The Green Knight

The Green Knight ★★★★

Being that it is leisurely paced and light on plot, describing David Lowery's arthouse Arthurian legend The Green Knight as one of 2021's most fun films sounds strange. Walking out of the cinema with a wide grin on my face, however, that is exactly how I felt. As King Arthur's brave nephew Gawain, Dev Patel receives by far the best role of his career. The film chronicles Gawain on a Christmastime hero's journey to face a supernatural giant known only as the Green Knight, whom he unwisely decapitated a year prior, knowing full well that the rules of the Knight's "game" meant that he would receive an equal wound when the time comes.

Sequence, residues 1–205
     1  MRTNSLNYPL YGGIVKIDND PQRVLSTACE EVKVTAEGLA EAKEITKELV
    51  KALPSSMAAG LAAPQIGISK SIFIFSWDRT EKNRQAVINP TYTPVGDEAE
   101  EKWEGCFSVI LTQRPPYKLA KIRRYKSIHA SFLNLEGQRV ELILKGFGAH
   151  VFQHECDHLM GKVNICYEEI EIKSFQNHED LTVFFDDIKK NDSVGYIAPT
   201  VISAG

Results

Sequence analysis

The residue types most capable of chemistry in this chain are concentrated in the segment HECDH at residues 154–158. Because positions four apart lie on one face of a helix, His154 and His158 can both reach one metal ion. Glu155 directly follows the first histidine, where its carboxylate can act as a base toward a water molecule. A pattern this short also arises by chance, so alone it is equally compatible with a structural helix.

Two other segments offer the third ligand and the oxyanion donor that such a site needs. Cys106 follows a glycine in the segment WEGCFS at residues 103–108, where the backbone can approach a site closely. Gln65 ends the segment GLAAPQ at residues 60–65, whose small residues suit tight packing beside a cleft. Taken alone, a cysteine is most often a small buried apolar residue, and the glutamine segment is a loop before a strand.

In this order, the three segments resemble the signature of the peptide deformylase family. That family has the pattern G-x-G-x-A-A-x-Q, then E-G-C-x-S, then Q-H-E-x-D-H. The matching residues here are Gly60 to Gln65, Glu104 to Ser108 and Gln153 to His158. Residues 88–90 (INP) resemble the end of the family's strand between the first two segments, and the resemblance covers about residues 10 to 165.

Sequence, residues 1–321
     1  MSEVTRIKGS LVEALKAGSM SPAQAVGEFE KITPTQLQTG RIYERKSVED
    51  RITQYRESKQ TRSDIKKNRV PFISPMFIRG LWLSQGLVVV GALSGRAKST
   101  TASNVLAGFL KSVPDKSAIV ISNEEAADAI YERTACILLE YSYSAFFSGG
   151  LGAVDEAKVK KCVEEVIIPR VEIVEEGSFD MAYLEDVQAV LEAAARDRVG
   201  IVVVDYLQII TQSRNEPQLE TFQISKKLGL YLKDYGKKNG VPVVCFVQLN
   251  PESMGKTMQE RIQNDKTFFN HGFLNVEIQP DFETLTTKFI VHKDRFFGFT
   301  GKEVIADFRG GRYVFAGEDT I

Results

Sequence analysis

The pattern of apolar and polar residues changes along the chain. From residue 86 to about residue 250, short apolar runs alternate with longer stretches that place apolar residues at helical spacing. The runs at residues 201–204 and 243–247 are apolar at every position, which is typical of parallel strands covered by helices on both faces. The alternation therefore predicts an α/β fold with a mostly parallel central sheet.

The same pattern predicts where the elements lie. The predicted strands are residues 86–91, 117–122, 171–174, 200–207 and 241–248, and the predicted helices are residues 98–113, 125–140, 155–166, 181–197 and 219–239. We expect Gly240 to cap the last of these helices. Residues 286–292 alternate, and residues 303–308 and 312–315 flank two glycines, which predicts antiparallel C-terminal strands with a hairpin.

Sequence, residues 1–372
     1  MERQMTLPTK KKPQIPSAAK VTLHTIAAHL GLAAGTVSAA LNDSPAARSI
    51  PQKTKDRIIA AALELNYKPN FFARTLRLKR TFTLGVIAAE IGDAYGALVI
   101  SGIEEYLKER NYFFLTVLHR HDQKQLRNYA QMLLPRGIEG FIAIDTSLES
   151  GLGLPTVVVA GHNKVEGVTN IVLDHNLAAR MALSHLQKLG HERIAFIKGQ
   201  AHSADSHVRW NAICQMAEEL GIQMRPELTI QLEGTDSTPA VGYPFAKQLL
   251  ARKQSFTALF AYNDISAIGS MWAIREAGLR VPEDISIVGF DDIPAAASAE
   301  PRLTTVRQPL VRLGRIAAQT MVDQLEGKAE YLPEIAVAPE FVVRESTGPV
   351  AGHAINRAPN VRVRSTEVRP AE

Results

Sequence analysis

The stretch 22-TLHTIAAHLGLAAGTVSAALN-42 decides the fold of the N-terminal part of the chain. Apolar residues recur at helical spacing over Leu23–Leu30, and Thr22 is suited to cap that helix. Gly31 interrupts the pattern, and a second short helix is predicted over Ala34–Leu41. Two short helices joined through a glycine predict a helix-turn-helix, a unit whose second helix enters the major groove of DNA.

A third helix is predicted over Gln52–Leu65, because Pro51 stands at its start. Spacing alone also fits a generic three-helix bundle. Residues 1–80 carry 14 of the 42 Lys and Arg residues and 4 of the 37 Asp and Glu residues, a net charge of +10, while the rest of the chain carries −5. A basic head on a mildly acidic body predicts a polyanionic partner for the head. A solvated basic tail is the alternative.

The Green Knight is technically flawless, presenting a sumptuous banquet of medieval imagery, Oscar-worthy sound design and the best cinematic fox since Antichrist. Alicia Vikander once again impresses in a mysterious, alluring role. Lowery took advantage of the film's COVID-impacted release delay to re-edit it, and although it still drags somewhat in its middle portion, the meticulous affection that went into his labor of love is so evident on screen. The final act is an astonishing sequence of visual and emotional beauty, achieving the degree of catharsis found in the likes of The Last Temptation of Christ or First Reformed. After every wild occurrence in The Green Knight, it chooses to end on the ultimate one-liner. I laughed and laughed.

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